Uganda National Liberation Movement


A combined force of Ugandan fighters together with the Tanzania Peoples Defence Forces (TPDF) finally defeated Amin in April 1979. Prior to the overthrow of Amin, President Julius Nyerere had called a conference at Moshi, Tanzania of various Ugandan political groups that were opposed to Amin.
The Moshi conference formed that Uganda National Liberation Front (UNLF) and chose Professor Yusuf Lule as President of Uganda. The conference also created the National Consultative Council (NCC), which was to act as the legislature, under the leadership of Edward Rugumayo.

Each of the political groups that met in Moshi was given two seats on the NCC. A UNLF government under Professor Yusuf Lule was set up but he lasted only 68 days as President. Lule was succeeded by Godfrey Lukonga Binaisa as President. The UNLF was an umbrella organization, which brought Ugandans of different political opinions together.
Indeed, as can be seen from the foregoing, since the onset of colonialism, this was the first opportunity for Ugandans to organize politically on the basis of their own interests rather than the interests of others. However, this chance was not properly used, as subsequent events were to show.

Despite the confusion and division that marred the UNLF, a healthy foundation for Uganda’s politics could have been established under the UNLF. Basing itself, unfortunately, on the brotherly, but misinformed, support of the TPDF, the UNLF administration was short-lived.
Later, as a result of political manipulation on the part of UPC and DP leaders, the UNLF umbrella was torn, with both UPC and DP insisting on factional, sectarian elections in 1980.
Some of the leadership had pressed for elections under UNLF and the NCC had passed a resolution approving elections under the Front, this view was suppressed.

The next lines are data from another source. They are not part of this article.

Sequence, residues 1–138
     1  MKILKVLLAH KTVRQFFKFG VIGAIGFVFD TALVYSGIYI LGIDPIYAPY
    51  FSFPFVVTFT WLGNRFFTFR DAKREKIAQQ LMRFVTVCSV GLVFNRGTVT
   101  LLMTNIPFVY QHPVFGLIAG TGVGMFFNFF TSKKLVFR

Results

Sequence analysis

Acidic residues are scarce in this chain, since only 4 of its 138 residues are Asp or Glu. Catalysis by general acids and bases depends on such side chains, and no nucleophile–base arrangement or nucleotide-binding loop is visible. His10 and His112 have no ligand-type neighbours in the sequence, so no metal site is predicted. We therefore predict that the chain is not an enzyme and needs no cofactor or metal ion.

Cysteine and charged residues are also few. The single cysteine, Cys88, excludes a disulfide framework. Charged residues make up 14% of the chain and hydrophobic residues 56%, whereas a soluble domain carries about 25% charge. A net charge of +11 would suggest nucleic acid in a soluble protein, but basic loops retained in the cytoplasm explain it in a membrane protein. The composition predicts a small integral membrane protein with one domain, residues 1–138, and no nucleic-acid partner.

Consequently, the UPC helped by the Military Commission, headed by Paulo Mwanga, won the 1980 elections, which were widely seen as rigged. Electoral constituencies were not based on administrative units of population size.

This resulted into the gerrymandering of constituency boundaries. Each party had its own ballot box, which made it easy to tamper with the results. The votes were not counted at polling stations and ballot boxes were transported and kept overnight before counting.
In the end, even the Electoral Commission was not allowed to announce the winners as Paulo made it a criminal offense for anyone, other than himself to do so. Indeed as legal Notice Number 10 dated December 10, 1980 specifically laid out:

“When the result of the poll of at a constituency has been ascertained, the returning officer shall make no public declaration of the finding but forthwith communicate it to the Chairman of the Military Commission with a confidential report on various aspects of the election. (The Chairman) shall ascertain whether the election has been free and fair of any irregularity or violence.”

“Any result declared otherwise than in compliance with (these provisions) shall not be valid or binding and any publication of such purported result by any means whatsoever whether in writing, print, communication or by word of mouth howsoever shall be a penal offence punishable by a fine of up to sh500, 000 and/or imprisonment of up to five years.”